Now for the STEAK – the reason we came to this hidden gem! The steak was amazing. Prime cut, 28 day dry aged, 24 oz., bone-in rib eye. Perfectly grilled. Perfectly seasoned. Tender. Flavorful. Rare in the center for Spoon and more done on the edges for Fork. Just enough fat for flavor. Salt and pepper and rosemary was all this needed. Butter added on top at the end for a perfect finish. The steak was sliced in the kitchen and brought to the table for serving.
Along with the steak was the chef’s homemade steak sauce. Very good steak sauce, just the right amount of sweet and heat. If steak sauce isn’t your thing, they also have red wine, au poivre, and bernaise sauces.
In what seems to be the trend in restaurants these days, no sides are served with the entrees, BUT at Lucas there are plenty to choose from! You can have potatoes five different ways, the usual steakhouse-type creamed spinach, asparagus or sauteed wild mushrooms. Spoon and Fork could not resist the Sweet Potato Fries. The chef’s special seasoning is really good. Spicy. Perfectly matched for the carmelized sweet potato fries.
After that very heavy meal, can there really be room for dessert? Knowing Spoon and Fork, does anyone even have to wonder? Profiterol with Caramel Whipped Cream? Cheesecake? Let’s ask our waiter, his suggestions so far have been spot on. Cheesecake, says he, Lucas’ cheesecake is outstanding. I think every restaurant thinks their cheesecake is outstanding, but in this instance he was right. This cheesecake IS outstanding. It’s worth ordering it for the crust alone. The crust is very thick and buttery, slighty salty and sweet – imagine all that at the same time. The filling was delicate and creamy, not overpowering as some cheesecakes can be. This was served with a berry coulis and a dollop of the caramel whipped cream. Folks, it don’t get much better than that!
The staff is great. The waiters, bus boys, even the manager very attentive, checking to see how we liked everything. The manager asked how we liked the cheesecake and then described all the new desserts Chef Carlos Simoes had planned for the winter menu. (Just remember to update your website when you change the menu – not doing so is a pet peeve of the Cutlery!)
There are only a couple of downsides to this restaurant – but we think they’re just growing pains – as of this writing Lucas has been open for 5 months. There is a LOT of staff for a 6 table restaurant. Two waiters, two bus boys, manager, bartender, and another either bartender or manager teaching the bartender the ropes. Fortunately they don’t hover, but they do seem to not have alot to do, and in a small restaurant you occasionally feel as if you are under a microscope.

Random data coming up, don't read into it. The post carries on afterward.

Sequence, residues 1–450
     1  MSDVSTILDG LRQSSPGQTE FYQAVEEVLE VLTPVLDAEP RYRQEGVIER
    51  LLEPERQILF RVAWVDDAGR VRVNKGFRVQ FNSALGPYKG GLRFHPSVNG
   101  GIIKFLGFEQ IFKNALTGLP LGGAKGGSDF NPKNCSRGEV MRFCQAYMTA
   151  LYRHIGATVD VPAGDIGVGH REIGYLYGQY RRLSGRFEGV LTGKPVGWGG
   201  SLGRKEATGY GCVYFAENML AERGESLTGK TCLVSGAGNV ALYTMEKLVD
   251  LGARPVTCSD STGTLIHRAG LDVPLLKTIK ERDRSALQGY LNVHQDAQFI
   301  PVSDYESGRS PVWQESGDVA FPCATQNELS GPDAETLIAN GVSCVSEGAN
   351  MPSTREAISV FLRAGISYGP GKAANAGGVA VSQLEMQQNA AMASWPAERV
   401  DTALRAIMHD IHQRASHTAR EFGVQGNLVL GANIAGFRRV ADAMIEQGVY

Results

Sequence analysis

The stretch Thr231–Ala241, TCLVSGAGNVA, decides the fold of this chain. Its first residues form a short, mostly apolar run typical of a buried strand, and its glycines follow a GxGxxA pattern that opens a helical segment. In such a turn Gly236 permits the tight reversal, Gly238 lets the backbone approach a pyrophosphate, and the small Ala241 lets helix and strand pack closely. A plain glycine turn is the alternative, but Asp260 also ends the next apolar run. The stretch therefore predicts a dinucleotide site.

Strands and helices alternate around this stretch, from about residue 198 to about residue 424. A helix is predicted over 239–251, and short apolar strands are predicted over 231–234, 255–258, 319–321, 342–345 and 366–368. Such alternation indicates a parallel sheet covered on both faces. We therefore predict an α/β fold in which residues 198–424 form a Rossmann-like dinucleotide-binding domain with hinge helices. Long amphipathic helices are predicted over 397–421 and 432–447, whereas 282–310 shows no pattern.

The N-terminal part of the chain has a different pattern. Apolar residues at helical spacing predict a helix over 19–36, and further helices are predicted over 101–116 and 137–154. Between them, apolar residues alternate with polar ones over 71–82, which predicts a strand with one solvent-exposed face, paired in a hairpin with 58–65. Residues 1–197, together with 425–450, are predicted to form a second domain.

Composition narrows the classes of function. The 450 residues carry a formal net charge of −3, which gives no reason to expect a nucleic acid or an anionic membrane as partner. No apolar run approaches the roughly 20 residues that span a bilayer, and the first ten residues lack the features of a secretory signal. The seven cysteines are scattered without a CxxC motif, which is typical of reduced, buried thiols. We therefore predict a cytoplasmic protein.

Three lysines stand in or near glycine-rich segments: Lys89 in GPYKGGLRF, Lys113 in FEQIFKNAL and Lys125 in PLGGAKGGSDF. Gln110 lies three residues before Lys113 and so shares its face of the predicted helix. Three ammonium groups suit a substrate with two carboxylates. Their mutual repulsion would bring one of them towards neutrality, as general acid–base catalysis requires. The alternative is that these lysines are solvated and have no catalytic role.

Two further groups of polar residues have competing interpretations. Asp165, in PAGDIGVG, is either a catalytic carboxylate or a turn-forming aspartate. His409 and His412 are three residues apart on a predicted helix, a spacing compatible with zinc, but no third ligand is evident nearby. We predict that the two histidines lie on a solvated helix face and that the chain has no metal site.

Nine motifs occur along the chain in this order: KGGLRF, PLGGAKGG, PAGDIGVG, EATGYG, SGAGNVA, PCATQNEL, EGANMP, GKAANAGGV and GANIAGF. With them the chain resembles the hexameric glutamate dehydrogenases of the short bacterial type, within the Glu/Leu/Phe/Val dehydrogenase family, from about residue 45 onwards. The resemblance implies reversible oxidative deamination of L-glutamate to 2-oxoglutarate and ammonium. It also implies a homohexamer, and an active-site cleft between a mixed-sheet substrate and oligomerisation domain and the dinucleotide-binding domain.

The other problem – the windows! The front of Lucas has large windows. I believe they open. I felt behind me and there was a latch. Great in the summer – BUT the benches against the window have no back. Just a pillow to lean against. If the windows were to open, then you can’t lean back and sitting up straight like that through a meal may have been the way it was done in parochial school, but people like to be comfy when they eat.
Even just to lean against, the pillows are too small and too squishy. When you lean back against them you are too far from the table. Two pillows are uncomfortable. The pillows are beautiful, perhaps they need to be slightly larger or more firmly stuffed. Or maybe a half back of a banquet behind you.
AND IT’S COLD! The night we were there Fork sat against the windows on the very comfortable banquet, but as the sun went down and the night air turned cooler, Fork was very cold. My back where the pillow was placed was okay, but my shoulders and neck were freezing! Lucas is located on a corner and I can only imagine how chilly those 4 seats against the window are going to be during the winter, especially on a windy night. A large curtain rod hung about a foot from the top of the windows with a heavy velvet drape would fit the room and keep those seats warm. If they were to come from either side of the windows they could be slid open during the day or on a mild night.
I cannot WAIT to go back and try this wonderful restaurant again! Right now they are only open for dinner, but they are open 7 days a week, beginning at 5:oo p.m.
Lucas Steakhouse ~ 34-55 32nd Street ~ Astoria, New York ~ 718.786.5200